According to a report by Japan’s public broadcaster NHK, the impositions sports teams place on athletes moving to other clubs may violate Japan’s anti-monopoly law.
The article referred to Japan’s New Years Corporate Ekiden distance relay race, where runners who switch teams without permission, can be banned from the competition indefinitely. Still, it could have ramifications for baseball in Japan, where the players union is fighting for shorter free agency windows.
Currently, players must amass nine years of first-team service time before they are able to file for international free agency. But unlike the major leagues, where the free agent system was won by the players, in Japan it was handed down to them by the Yomiuri Giants, so that club could scoop up available veteran talent.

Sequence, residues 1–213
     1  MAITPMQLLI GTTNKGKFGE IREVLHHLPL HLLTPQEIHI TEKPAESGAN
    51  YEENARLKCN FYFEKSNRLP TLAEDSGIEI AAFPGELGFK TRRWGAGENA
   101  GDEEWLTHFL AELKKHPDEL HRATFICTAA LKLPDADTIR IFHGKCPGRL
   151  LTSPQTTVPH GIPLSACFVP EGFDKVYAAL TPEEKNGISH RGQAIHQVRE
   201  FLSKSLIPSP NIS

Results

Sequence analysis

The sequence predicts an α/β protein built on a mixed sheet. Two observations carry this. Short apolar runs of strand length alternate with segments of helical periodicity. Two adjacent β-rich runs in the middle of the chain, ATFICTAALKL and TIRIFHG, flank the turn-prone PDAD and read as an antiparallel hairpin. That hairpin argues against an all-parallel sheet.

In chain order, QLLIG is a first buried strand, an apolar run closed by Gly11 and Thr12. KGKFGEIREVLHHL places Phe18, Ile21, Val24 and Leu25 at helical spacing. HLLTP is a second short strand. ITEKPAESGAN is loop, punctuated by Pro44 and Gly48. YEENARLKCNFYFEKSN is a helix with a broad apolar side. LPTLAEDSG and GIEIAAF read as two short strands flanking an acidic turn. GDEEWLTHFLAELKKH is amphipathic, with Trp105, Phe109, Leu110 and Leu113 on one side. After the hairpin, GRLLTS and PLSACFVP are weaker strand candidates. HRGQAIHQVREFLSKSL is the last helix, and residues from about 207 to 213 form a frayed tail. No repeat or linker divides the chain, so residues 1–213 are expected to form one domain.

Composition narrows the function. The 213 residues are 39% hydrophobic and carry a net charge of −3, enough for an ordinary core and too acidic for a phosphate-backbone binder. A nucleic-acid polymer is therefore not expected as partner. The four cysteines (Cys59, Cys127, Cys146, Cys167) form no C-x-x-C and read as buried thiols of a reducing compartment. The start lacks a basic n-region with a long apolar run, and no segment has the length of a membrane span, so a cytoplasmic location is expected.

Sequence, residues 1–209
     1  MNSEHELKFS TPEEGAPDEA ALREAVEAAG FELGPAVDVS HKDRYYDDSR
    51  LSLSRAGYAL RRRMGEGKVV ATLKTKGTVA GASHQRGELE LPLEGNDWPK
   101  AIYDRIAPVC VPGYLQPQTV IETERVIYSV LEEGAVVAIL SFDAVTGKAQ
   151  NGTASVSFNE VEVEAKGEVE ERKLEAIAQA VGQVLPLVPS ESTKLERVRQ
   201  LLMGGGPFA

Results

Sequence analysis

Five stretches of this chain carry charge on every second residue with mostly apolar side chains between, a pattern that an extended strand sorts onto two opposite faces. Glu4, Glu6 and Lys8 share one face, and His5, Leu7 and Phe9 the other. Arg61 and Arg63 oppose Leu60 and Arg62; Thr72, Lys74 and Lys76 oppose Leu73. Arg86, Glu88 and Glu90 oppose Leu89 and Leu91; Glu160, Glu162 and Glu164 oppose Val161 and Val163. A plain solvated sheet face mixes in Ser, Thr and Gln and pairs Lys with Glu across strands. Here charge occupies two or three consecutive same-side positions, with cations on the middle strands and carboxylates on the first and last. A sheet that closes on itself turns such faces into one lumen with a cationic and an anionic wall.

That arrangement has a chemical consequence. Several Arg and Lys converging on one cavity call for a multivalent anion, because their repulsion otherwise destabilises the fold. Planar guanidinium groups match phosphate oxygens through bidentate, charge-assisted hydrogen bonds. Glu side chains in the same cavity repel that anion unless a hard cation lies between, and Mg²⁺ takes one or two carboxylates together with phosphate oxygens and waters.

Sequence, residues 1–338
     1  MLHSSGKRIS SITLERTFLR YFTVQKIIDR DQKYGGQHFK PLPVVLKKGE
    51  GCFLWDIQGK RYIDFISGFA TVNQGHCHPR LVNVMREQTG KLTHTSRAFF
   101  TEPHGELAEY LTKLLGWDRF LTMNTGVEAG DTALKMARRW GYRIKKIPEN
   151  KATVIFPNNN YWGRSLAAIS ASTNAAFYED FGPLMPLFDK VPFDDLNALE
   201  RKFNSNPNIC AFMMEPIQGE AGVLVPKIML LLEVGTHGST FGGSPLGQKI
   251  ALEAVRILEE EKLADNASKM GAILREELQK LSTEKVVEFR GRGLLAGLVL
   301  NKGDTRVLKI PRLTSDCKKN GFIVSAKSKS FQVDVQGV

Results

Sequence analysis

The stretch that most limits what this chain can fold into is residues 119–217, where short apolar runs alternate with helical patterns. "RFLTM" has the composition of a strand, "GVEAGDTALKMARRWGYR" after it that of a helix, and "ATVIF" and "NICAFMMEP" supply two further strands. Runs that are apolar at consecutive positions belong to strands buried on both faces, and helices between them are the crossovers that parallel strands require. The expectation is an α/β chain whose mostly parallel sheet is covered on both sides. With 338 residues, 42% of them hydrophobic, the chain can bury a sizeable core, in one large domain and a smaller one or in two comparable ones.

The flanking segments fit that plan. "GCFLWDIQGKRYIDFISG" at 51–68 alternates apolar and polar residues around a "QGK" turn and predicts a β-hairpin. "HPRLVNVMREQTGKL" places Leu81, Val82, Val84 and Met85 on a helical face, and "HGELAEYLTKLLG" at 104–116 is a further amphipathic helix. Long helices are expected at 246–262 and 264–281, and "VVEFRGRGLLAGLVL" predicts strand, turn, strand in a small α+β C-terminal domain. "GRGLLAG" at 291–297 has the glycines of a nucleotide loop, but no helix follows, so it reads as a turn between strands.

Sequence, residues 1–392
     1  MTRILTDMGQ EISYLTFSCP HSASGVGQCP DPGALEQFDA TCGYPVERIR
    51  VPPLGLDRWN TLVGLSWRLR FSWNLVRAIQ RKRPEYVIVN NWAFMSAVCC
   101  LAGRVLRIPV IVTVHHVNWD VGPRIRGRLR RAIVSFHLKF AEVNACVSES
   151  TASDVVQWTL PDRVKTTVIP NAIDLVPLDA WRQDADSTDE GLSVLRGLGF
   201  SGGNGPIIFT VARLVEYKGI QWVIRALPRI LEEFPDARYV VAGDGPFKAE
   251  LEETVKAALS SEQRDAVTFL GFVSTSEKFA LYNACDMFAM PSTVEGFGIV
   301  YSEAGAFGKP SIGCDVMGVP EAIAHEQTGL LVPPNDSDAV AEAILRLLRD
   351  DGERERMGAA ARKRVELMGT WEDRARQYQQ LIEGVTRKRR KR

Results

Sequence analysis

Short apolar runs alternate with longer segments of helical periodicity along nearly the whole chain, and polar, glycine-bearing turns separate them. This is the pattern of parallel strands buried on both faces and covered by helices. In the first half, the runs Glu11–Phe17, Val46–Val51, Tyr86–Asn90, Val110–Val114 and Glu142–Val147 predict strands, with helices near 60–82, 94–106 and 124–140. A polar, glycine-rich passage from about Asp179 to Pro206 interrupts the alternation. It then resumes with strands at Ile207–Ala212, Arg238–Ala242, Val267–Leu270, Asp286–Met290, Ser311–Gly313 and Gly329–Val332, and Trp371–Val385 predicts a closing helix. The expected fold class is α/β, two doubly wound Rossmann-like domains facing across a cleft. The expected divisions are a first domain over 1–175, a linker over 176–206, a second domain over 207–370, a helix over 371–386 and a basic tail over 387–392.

Japan’s reserve system was established when the Japan Baseball Federation was established in the 1930s as a league for the Giants to compete with, and unlike MLB, which has enjoyed considerable protection from anti-trust legislation as a result of the Supreme Court’s decision in Federal Baseball Club v. National League, Japan has no such basis for anti-trust exemption.
While the Fair Trade Commission recognized that teams incur costs to develop athletes, there is nothing to stop Japanese sports bodies from adopting rules that are standard outside the United States’ 19th-century ownership model. Outside of the U.S. and outside of baseball, athletes sign contracts for specific terms, and transfers before those terms expire can be negotiated between players AND teams.
But even if the FTC did pursue action, one should remember that the districting for Japan’s lower house elections have been considered unconstitutional for decades, and the government has not so much as twitched a muscle in response.